Forty years ago, it was a "terrible" thing.
Click on image to enlargeThe Sentinel-Star asked the question: “What should society do about pot?”
Mrs Viola Cooke, 390 Division Street stated, “I wouldn’t know what to do. It is a terrible thing and something should be done.”
Mrs Ken Beardsley, 880 D’Arcy Street: “I don’t know the answer. It is terrible and the young people will be sorry for the harm they do to themselves and to others. I don’t know what the answer is.”
Mrs Robert Davis, 18 Spencer Street West, “It should be illegal and abolished.”
Ray Gallagher, 22 Swayne Street: “By publishing stories on it, people become aware of it. It should definitely be abolished.”
Mrs J. Downs, 437 William: “We should stop it by all means. It’s terrible, but what can we do about it? It has a good start here in our own little town and in the schools. I don’t know what should be done but I would like to do lots.”
Bob Young, 6321 Ruth Street: “It’s very bad. It has been abolished by law.”
Mrs L. S. Usher, 186 Albert Street: “I don’t know what the answer is but I’m just disgusted with it. It is dreadful when people are sick and dying and then someone who doesn’t need it deliberately takes it. It is a dreadful sin but how can we control it. I wish I had a thought on that.”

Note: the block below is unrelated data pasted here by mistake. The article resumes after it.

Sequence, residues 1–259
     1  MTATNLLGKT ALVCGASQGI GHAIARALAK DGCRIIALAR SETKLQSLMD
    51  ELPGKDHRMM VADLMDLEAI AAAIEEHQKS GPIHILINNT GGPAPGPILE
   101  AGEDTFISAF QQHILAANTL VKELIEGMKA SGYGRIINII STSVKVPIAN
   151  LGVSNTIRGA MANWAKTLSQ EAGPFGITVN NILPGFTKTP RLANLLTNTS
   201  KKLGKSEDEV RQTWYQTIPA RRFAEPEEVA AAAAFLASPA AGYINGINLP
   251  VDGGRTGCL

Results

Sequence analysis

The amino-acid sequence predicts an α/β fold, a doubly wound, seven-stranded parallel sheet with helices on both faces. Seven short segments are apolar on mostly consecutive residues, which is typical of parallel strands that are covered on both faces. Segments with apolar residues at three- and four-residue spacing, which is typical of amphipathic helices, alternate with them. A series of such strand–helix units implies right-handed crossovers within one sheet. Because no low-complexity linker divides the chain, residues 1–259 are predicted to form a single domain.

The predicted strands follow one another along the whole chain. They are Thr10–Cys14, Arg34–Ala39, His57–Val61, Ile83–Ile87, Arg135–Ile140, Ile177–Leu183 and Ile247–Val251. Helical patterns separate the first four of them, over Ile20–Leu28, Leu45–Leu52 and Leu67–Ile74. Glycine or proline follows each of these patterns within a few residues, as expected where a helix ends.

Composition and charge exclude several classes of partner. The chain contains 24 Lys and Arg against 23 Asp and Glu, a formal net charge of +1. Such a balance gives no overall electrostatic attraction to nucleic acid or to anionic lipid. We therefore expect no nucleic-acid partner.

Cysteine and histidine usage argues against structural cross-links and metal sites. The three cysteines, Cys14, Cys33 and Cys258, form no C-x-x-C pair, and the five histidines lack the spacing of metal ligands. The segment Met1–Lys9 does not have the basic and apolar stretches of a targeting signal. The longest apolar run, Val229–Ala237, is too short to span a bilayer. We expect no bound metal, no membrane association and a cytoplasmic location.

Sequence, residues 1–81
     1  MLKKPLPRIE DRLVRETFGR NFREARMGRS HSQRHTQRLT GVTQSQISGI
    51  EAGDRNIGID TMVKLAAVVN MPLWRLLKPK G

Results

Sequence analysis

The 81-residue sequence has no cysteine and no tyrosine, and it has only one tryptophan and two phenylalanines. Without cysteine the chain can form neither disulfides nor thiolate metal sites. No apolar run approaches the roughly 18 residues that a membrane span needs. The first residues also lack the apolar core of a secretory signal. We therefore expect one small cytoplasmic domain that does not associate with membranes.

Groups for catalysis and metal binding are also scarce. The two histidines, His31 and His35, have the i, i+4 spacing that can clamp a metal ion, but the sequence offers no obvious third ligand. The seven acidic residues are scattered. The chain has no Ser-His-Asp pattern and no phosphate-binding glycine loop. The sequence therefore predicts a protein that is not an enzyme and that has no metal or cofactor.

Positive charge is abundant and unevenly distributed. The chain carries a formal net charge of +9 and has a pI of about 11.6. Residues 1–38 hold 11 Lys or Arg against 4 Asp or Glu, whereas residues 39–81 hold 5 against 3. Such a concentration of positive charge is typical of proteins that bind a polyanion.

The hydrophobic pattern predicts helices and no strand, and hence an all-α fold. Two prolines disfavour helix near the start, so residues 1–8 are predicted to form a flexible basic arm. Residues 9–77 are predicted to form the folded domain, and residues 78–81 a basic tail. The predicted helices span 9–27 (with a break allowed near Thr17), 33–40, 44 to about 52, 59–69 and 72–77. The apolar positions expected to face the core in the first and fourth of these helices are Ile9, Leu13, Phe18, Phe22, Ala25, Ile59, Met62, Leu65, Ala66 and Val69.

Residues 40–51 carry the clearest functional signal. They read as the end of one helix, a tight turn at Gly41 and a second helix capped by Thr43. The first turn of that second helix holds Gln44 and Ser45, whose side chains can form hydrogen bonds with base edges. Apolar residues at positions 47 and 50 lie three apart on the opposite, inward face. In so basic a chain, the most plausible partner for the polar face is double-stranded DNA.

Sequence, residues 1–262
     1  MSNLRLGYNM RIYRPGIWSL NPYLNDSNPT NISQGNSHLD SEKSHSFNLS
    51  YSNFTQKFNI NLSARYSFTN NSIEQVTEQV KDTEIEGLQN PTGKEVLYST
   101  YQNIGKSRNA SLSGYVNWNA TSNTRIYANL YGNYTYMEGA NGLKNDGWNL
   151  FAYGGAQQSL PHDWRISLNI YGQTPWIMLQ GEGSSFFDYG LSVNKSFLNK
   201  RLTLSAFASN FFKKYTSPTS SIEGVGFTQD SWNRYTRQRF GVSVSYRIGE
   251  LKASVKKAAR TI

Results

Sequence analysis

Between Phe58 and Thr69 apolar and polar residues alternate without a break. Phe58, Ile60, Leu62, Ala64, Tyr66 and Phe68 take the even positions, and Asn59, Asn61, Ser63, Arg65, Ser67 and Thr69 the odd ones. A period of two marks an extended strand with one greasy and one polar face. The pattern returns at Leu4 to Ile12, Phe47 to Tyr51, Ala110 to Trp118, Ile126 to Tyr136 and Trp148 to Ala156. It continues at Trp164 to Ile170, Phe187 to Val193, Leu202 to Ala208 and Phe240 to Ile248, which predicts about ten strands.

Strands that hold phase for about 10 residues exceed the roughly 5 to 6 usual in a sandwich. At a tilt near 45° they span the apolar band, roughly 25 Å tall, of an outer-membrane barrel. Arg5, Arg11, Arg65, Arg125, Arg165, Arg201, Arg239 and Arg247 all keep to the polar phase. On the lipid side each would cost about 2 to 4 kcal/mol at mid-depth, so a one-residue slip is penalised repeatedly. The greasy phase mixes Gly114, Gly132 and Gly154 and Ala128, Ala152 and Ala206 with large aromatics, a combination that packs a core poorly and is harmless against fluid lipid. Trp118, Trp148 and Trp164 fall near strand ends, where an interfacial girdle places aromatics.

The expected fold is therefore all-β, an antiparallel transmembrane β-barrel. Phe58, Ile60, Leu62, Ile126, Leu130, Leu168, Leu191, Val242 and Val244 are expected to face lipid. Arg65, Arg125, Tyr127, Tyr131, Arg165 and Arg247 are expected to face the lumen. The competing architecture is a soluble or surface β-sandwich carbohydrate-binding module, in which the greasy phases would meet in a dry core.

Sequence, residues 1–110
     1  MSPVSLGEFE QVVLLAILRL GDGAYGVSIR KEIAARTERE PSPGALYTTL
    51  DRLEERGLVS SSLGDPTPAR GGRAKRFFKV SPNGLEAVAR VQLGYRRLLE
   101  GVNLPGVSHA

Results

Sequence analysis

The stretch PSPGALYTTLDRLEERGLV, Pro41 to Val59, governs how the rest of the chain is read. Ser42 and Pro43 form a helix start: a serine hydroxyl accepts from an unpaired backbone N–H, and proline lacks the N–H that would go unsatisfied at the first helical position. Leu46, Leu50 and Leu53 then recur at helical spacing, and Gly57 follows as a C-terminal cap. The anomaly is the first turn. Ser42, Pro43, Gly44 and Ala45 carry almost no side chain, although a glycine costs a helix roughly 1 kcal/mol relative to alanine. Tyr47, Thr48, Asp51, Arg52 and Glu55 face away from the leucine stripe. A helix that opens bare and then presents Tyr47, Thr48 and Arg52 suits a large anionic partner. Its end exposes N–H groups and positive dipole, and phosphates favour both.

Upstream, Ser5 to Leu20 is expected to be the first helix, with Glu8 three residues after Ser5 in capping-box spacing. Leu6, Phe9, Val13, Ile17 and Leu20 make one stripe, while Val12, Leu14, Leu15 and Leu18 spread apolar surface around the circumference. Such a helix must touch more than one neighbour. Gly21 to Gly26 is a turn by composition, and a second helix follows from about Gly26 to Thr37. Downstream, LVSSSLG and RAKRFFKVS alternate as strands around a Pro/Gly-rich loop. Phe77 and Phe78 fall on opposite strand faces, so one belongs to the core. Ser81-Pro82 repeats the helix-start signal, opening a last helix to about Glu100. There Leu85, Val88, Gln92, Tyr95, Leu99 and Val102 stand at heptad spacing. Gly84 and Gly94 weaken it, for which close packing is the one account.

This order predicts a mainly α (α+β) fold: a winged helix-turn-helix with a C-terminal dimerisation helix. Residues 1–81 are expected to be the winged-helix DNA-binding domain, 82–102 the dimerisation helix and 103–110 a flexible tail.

“Smart young people should have better brains. I don’t understand what prompts it. I don’t think they have enough to do. They are bored to death. If they would get interested in outdoor sports they would be different people.”
“When we were young we had to work harder for less but we were no worse off. Our money bought three times more then, than it does now.”
“Times have changed . . . “
Mrs Harvey Gordon, 651 Hayden Crescent: “We are definitely against it, however, we haven’t really given it much thought as our children are younger. I believe the control of the child and the love and understanding in the home has a great bearing on the matter. It is for escape or to be one of the crowd. It is definitely bad.”
J. J. Burns, 82 James Street West: “There’s not a lot people can do about it. It is all done on the quiet. There should be some plain clothes detectives around to investigate.”
Mrs G. Moon, 154 James Street East: I am against anything that will downgrade the young people. It is destructive but can we avoid it? Some authorities know more about it and should do something.”
Eleven Cobourg citizens had no comment. They did not wish to be involved.